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Marriage, cohabitation contracts offer couples protection

Marriage and cohabitation agreements offer couples the best protection for their assets should the relationship come to an end, Toronto family lawyer Rick Peticca tells Bloomberg News.

Peticca, an associate with Shulman Law Firm, says when it comes to the division of assets, there are important differences between married and common-law couples in Ontario. He notes that generally speaking, the division of assets for common-law spouses is done according to ownership as opposed to equalization.

An Angus Reid Institute poll shows that many Canadians view marriages and common-law relationships in a similar light, the online news site reports.

When asked if the current tax rules — which treat couples the same way whether they are married or common-law partners — are adequate, or if there should be extra benefits for people who legally marry, almost six-in-10 (59 per cent) say couples who legally marry should not receive extra tax benefits unavailable to common-law couples, Bloomberg reports. In addition, 58 per cent feel common-law partners should be treated the same as those who are married when it comes to splitting up assets if the relationship ends.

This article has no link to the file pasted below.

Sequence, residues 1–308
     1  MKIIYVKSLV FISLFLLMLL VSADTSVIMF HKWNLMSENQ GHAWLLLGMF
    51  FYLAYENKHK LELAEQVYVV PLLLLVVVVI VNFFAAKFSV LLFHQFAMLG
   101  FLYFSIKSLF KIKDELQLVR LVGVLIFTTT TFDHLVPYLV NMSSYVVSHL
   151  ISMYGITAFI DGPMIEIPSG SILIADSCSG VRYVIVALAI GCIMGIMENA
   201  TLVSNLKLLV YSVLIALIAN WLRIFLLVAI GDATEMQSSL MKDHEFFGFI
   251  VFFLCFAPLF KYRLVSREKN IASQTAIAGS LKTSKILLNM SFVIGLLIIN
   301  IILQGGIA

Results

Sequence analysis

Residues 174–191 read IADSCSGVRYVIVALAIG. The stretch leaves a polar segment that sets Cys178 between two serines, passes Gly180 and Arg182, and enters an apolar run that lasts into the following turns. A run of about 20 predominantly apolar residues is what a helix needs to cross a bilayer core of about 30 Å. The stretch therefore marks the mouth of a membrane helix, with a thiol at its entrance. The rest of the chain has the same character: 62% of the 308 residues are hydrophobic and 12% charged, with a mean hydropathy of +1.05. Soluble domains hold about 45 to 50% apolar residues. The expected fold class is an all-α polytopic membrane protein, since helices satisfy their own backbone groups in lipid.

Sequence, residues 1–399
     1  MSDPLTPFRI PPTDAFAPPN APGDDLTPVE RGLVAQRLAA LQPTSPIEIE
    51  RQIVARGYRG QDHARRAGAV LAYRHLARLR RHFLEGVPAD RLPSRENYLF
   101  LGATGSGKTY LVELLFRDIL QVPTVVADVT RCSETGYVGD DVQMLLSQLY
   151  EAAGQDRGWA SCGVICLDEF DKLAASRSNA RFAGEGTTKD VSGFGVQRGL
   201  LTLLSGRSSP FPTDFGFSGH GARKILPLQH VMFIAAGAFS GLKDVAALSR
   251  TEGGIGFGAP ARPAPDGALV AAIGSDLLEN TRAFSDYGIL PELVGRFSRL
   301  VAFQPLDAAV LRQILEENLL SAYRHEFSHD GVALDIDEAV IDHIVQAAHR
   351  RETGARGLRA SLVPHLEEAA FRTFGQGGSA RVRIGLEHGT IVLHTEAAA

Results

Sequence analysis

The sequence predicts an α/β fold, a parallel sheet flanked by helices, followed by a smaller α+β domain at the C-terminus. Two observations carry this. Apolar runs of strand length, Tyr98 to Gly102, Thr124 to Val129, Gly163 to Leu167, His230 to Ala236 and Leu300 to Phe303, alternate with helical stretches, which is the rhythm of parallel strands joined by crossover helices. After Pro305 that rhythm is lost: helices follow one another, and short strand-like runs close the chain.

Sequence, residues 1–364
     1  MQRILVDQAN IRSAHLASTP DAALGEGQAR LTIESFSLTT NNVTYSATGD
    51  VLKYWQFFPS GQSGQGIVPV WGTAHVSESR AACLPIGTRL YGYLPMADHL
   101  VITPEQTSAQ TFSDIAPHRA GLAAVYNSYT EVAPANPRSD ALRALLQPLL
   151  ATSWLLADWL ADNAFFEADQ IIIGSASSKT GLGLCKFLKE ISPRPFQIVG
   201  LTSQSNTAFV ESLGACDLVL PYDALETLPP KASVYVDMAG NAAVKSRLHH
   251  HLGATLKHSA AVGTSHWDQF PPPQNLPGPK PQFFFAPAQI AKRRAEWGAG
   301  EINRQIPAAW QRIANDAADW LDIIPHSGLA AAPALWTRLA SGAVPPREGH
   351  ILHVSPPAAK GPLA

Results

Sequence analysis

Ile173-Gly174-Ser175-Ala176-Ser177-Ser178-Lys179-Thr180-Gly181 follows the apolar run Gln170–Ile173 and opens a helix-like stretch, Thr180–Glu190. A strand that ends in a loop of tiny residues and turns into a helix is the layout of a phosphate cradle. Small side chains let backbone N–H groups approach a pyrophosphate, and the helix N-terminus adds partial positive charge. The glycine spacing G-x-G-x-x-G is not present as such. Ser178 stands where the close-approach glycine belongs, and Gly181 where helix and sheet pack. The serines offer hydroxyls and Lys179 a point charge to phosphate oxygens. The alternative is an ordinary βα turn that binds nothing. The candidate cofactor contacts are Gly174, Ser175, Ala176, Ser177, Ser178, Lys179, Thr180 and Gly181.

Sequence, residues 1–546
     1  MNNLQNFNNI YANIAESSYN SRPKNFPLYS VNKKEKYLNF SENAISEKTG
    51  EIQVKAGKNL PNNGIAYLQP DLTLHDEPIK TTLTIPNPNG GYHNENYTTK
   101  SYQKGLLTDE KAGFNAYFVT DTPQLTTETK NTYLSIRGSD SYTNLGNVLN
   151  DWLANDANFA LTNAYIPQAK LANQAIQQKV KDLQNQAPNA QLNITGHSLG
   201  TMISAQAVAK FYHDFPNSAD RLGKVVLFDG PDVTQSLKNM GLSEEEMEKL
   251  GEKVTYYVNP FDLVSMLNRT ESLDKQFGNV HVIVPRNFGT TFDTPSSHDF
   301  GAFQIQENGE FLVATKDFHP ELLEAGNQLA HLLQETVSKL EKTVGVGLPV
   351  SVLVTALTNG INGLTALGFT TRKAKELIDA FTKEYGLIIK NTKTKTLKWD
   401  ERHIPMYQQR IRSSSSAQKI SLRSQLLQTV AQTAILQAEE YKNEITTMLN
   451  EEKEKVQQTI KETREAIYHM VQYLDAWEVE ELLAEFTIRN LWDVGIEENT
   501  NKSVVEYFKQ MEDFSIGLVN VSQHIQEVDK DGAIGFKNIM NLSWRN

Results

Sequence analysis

While attitudes toward marriage in Canada may be changing, more than half of those surveyed have walked down the aisle at least once in their life, the article goes on to say.

“The 40 per cent who aren’t married say they aren’t opposed to the idea of marrying someday,” Bloomberg reports. “Four-in-ten of the 40 per cent say they would like to marry one day and 33 per cent aren’t sure if they want to marry, but aren’t ruling it out. About one-quarter say they aren’t interested in changing their marital status, primarily because they haven’t found the right person — yet.”

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